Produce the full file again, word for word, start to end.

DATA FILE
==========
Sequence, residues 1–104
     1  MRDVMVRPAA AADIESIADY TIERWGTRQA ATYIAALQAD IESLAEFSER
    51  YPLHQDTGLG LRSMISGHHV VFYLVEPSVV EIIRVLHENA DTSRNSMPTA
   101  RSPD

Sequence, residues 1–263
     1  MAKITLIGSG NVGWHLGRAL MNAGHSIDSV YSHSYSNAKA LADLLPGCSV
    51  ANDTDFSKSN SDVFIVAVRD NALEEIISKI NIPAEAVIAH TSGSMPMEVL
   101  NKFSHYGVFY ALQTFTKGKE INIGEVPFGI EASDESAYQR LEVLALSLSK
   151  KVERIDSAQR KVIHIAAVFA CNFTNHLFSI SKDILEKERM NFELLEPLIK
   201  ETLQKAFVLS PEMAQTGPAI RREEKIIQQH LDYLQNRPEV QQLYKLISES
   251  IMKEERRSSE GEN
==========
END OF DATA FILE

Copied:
Sequence, residues 1–104
     1  MRDVMVRPAA AADIESIADY TIERWGTRQA ATYIAALQAD IESLAEFSER
    51  YPLHQDTGLG LRSMISGHHV VFYLVEPSVV EIIRVLHENA DTSRNSMPTA
   101  RSPD

Sequence, residues 1–263
     1  MAKITLIGSG NVGWHLGRAL MNAGHSIDSV YSHSYSNAKA LADLLPGCSV
    51  ANDTDFSKSN SDVFIVAVRD NALEEIISKI NIPAEAVIAH TSGSMPMEVL
   101  NKFSHYGVFY ALQTFTKGKE INIGEVPFGI EASDESAYQR LEVLALSLSK
   151  KVERIDSAQR KVIHIAAVFA CNFTNHLFSI SKDILEKERM NFELLEPLIK
   201  ETLQKAFVLS PEMAQTGPAI RREEKIIQQH LDYLQNRPEV QQLYKLISES
   251  IMKEERRSSE GEN